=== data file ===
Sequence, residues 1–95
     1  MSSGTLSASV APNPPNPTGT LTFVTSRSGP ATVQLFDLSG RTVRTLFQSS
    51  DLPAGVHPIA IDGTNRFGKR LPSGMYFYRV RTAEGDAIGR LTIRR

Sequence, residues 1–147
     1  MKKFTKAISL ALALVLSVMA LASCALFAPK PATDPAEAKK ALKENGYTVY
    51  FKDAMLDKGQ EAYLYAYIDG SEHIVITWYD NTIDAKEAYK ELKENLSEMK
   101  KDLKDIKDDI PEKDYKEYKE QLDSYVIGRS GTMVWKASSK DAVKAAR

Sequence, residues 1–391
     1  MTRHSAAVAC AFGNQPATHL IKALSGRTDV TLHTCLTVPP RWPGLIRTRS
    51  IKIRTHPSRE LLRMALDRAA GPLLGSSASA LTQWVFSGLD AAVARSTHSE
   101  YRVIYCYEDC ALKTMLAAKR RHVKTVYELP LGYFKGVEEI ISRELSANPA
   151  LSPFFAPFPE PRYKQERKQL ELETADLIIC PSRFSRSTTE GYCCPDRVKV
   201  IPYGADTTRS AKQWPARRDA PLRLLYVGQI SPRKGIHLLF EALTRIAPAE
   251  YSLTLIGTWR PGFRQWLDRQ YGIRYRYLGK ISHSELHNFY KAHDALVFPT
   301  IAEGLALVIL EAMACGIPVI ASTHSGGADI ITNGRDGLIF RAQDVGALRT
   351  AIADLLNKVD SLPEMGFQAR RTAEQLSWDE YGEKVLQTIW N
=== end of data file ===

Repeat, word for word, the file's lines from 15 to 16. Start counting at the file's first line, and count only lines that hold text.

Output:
   301  IAEGLALVIL EAMACGIPVI ASTHSGGADI ITNGRDGLIF RAQDVGALRT
   351  AIADLLNKVD SLPEMGFQAR RTAEQLSWDE YGEKVLQTIW N